Catholic Culture Dedication
Catholic Culture Dedication

What the Elderly Know about Health Care

By Dr. Jeff Mirus ( bio - articles - email ) | Sep 11, 2009

The things Newsweek will print! The September 7th issue featured a column by Jacob Weisberg under the provocative title “Death, Republican Style” and with this tag line: “It’s the GOP that’s out to get Granny.” The thesis of the article is that Republican policies which fail for whatever reason to make the elderly happier and more comfortable are morally equivalent to death panels, to “do not resuscitate” orders, and to euthanasia. To grasp the enormity of this distortion, note that it is exactly the same as saying that supporting a transportation policy, which does not have the side-effect of improving pre-natal care, is the moral equivalent of direct abortion.

Any Image that Works

Granted, one does not expect reasonable bipartisan analysis from someone who has authored a book on the Bush presidency entitled The Bush Tragedy. (Both the title and the book might possibly be a tad dramatic. If Bush’s presidency were a tragedy, then the same must be true of any presidency characterized by significant failures, which very probably includes all of them.) I also grant that Newsweek has published the column under its “The Take” heading, which (perhaps) alerts the discerning reader to the presence of distinctive opinions designed as much to entertain as to inform. Nonetheless, Weisberg monumentally distorts moral truth throughout his column, which culminates in an image he wishes to set before the elderly:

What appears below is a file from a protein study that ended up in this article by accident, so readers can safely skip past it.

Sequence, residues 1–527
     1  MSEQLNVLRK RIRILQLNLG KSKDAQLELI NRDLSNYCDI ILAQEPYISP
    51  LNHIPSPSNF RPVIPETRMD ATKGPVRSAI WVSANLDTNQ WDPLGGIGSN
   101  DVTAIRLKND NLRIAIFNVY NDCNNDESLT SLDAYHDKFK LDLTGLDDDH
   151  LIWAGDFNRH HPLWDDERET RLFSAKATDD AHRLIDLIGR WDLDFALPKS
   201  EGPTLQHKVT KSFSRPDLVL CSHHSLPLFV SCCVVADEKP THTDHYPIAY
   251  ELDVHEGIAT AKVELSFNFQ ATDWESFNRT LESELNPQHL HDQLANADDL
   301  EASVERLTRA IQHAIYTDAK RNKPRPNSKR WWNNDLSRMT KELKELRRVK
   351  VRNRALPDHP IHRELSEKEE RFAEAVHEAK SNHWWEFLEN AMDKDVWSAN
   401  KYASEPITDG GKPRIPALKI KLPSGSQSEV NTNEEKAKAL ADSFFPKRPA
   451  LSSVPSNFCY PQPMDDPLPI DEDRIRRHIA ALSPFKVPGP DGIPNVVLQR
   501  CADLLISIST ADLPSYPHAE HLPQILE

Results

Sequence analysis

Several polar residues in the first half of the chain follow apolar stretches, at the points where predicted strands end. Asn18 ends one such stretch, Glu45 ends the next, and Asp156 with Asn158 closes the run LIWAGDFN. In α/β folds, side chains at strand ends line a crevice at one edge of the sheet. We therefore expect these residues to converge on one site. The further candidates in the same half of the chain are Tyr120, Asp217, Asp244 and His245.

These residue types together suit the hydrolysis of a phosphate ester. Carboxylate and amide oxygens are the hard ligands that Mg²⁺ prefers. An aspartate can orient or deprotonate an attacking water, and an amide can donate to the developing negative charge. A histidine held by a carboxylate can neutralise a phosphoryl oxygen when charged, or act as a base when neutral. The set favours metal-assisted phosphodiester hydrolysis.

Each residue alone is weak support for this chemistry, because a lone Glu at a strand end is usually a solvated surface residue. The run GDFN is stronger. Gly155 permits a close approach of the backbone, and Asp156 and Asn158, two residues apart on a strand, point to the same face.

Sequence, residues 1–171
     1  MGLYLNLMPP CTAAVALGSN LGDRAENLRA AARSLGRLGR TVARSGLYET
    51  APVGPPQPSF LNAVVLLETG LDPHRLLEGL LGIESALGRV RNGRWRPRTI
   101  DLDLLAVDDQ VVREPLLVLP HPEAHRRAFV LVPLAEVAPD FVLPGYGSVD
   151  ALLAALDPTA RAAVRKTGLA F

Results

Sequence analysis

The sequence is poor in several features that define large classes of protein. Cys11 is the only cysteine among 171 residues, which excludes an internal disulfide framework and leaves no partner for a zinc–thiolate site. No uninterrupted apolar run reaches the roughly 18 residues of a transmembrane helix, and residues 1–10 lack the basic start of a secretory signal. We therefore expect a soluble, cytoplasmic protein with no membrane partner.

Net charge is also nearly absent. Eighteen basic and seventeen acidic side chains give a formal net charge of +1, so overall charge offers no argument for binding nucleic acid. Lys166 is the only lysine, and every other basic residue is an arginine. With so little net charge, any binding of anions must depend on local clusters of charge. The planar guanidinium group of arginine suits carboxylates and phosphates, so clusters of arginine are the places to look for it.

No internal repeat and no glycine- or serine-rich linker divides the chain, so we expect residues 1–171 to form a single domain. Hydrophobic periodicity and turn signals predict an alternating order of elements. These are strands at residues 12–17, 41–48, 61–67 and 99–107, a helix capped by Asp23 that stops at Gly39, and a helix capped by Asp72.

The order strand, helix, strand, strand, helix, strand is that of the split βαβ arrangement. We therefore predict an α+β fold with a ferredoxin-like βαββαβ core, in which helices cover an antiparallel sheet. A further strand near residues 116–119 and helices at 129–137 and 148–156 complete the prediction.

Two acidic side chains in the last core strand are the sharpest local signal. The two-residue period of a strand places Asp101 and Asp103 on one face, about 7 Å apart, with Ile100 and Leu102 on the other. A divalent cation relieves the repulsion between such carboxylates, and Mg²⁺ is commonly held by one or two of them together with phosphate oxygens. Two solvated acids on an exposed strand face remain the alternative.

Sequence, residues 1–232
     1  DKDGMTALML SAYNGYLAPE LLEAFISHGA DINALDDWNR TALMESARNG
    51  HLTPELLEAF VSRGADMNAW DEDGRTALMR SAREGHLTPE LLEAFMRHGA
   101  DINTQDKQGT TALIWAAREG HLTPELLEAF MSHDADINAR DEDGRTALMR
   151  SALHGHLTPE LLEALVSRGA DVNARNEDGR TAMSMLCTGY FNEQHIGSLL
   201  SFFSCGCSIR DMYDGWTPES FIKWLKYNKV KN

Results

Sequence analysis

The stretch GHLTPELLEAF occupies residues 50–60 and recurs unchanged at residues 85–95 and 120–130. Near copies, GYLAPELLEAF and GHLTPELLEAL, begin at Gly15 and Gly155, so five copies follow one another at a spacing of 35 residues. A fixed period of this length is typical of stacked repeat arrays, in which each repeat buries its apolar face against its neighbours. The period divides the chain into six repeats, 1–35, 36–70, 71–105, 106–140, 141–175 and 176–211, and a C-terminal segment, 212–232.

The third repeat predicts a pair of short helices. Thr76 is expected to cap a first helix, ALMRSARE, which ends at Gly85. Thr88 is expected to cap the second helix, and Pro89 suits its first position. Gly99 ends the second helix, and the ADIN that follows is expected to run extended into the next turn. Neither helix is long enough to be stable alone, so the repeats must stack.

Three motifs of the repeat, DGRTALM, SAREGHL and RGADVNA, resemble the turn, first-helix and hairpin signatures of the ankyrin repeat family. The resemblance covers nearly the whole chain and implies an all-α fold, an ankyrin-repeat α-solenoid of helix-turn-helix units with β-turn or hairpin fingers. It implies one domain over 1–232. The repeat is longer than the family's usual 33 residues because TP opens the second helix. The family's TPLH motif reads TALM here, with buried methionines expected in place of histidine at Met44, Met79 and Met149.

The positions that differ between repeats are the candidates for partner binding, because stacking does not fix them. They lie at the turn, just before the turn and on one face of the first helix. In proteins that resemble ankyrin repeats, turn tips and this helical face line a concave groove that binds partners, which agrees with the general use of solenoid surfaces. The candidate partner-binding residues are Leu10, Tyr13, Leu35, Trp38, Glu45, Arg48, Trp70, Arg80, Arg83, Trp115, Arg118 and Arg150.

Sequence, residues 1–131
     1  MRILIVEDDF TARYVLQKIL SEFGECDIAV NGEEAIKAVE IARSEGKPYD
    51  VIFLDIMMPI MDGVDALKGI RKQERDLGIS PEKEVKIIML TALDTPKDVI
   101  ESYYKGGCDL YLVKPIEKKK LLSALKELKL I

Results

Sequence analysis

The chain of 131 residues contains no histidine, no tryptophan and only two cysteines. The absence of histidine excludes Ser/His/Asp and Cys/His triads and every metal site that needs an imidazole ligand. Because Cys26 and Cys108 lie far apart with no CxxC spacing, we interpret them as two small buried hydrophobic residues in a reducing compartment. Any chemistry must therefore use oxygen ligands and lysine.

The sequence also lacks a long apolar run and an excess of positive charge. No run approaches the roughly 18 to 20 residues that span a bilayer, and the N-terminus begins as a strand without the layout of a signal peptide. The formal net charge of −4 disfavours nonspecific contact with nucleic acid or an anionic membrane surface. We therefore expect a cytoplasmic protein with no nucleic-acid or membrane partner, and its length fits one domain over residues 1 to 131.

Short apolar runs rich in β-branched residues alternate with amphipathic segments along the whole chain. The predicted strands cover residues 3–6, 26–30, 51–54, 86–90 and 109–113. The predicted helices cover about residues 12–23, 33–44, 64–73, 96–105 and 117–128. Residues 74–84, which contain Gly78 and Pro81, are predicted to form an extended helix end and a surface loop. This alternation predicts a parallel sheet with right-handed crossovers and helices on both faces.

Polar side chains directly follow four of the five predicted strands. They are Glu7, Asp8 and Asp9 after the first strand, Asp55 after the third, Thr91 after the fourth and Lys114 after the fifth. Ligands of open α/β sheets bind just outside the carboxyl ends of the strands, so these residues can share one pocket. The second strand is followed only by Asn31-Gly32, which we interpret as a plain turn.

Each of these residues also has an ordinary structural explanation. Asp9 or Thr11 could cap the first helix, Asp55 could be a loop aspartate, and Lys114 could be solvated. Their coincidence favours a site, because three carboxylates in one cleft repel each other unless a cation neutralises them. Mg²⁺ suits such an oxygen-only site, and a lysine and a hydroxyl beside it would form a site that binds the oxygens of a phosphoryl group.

And do not be surprised if you experience something like the following nightmare: You’re in a hospital bed, hovering in a state of partial consciousness. Beneath the mask, that surgeon has a familiar face…wait, isn’t that…Dr. Grassley? And who’s that with the syringe—Nurse Palin? At which point, if you are lucky, you will wake up in a cold sweat.

[Note: Charles Grassley is a Republican Senator from Iowa who has both criticized rationing in the Democrats’ health-care proposals and authored tax cuts which, as we will see, Weisberg regards as morally equivalent to euthanasia. Sarah Palin, as probably everyone knows, was the Republican vice-presidential candidate in 2008 and remains a vocal critic of federal health-care plans from a pro-life perspective.]

What annoys me about Weisberg’s image is not its sublime creativity (like God, Weisberg is apparently capable of creating out of nothing) but the false moral equivalency it represents. It may well be true, as Weisberg asserts, that adjustments to estate taxes affect the death rate. Studies show that the death rate increases among the elderly just before taxes are raised and declines just after they are lowered. Everybody understands that people hang on or let go (and some heirs may help them to hang on or let go) for all sorts of reasons. Nor do I dismiss Weisberg’s claim that social security has caused a lowering of suicide rates among the elderly (he reports that the rate is down 56% since 1930), though here he is on shakier ground, as there are so many other variables over the past eighty years. Still, it is reasonable to presume that suffering of any kind, including lack of adequate financial support, would increase the temptation to commit suicide—for anyone.